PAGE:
Redknapp 'received offshore bungs'
Tottenham Hotspur manager Harry Redknapp went on trial on Monday accused of receiving offshore bungs from his former employer.
The 64-year-old - tipped as a future England boss - dodged taxes on "substantial payments" while he was in charge at Portsmouth, a jury heard.
Appearing in the dock, Redknapp stood accused of receiving two untaxed payments of more than £189,000 from former chairman Milan Mandaric, his co-accused.
John Black QC opened the Crown's case at Southwark Crown Court by telling jurors "both parties must have known" they were avoiding taxes.
"These payments were a bung or offshore bonus that the parties had absolutely no intention of paying taxes for," he said.
Redknapp's "widespread popularity" was singled out by the prosecution. "He is currently enjoying what may be described as footballing success," Mr Black said.
"They (Tottenham) are currently riding high and are placed today as third in the league despite yesterday's result."
Redknapp, appearing behind bullet-proof glass alongside Mandaric, read notes as Mr Black outlined how the manager received player transfer bonuses under a clause in his contract.
Mr Black focused on the purchase of Peter Crouch for £1,250,000 before he was sold for £4.5 million.
Redknapp and Mandaric deny two counts of cheating the public revenue when he was manager of Portsmouth.
The first charge alleges that between April 1, 2002 and November 28, 2007 Mandaric paid 145,000 US dollars (£93,100) into a bank account held by Redknapp in Monaco to avoid paying income tax and National Insurance.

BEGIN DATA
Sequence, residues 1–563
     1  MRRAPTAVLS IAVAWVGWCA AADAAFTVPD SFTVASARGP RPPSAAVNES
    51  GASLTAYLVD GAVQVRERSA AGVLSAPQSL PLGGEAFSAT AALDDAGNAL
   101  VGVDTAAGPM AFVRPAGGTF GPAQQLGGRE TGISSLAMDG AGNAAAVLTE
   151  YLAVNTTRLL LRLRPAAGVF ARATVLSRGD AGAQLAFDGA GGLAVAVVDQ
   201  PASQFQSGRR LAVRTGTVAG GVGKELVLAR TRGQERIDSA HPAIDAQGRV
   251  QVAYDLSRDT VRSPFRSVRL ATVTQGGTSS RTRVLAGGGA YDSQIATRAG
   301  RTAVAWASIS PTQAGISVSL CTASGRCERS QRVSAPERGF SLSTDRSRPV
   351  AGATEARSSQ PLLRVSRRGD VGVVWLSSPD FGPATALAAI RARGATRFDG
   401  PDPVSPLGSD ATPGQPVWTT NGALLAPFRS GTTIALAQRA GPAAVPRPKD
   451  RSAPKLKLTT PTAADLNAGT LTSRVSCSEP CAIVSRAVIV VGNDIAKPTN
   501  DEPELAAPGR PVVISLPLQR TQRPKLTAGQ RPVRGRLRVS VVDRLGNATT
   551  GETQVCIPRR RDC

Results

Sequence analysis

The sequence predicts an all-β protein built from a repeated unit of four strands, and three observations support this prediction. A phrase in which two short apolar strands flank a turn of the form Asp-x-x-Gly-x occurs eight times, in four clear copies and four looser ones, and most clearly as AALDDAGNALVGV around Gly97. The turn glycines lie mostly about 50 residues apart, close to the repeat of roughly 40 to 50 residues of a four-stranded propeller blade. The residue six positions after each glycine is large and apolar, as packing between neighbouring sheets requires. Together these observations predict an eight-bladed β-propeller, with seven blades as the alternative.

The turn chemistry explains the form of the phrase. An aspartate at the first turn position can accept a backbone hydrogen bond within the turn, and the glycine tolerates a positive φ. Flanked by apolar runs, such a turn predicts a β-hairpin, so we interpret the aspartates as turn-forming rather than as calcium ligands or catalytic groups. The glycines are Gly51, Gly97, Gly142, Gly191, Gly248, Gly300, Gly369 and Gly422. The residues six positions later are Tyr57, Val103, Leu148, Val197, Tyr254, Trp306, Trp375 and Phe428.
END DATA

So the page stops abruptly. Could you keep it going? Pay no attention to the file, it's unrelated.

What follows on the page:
The second charge for the same offence relates to a sum of 150,000 US dollars (£96,300) allegedly paid by Mandaric to the same account between May 1, 2004 and November 28, 2007.
Redknapp who underwent minor heart surgery last year to unblock his arteries, is the most successful English manager in the modern game, having led Portsmouth to FA Cup success and Spurs to last season's Champions League quarter-finals.
Serbian Mandaric, 73, is now chairman of Sheffield Wednesday, having previously worked at Leicester.
Redknapp, of Panorama Drive, Poole, Dorset, is represented by John Kelsey-Fry QC, while Lord Macdonald QC is counsel for Mandaric, of Stretton Hall, Oadby, Leicestershire.
Redknapp was described as a "hard-headed businessman" as the jury of eight men and four women were shown a string of documents and his signature.
Bonuses paid to Redknapp during his time at the club would total up to £500,000 depending on profits the club made on player transfers, Mr Black added.
"Harry Redknapp was, it goes without saying, no ordinary employee," Mr Black said.
He had the "greatest capacity to influence the success or failure of his football club", he added.
The barrister said: "Talented and popular he might have been, the Crown say he was nevertheless a hard-headed businessman, with a financial acumen and pecuniary sense of his influence to his employers."
Redknapp initially received 10% of net profit made on player transfers made during his time as part of a clause in his contract, Mr Black said.
"He had a highly lucrative employment contract," he said.
His contract later changed and it was reduced to 5%, the barrister said. He was paid about £100,000 when England striker Crouch left the south-coast club for Aston Villa in 2002, the court heard.
Redknapp never mentioned the Monaco account as he was investigated by HM Revenue and Customs officials over his transfer dealings at West Ham, the court heard.
The probe, between January 2004 and October 2006, "was originally prompted by concerns over a £300,000 payment... regarding profit made in a player transfer, namely Rio Ferdinand", Mr Black said.
The Monaco bank account eventually came to light during an inquiry into illicit payments in football, led by Lord Stevens, the former Metropolitan Police Commissioner.
The investigation, dubbed the Quest inquiry, was handed to the Premier League chief executive Richard Scudamore in July 2007.
In November the previous year, Redknapp had been interviewed as part of the investigation.
"That was the first time anyone heard of a Monaco bank account," the barrister said.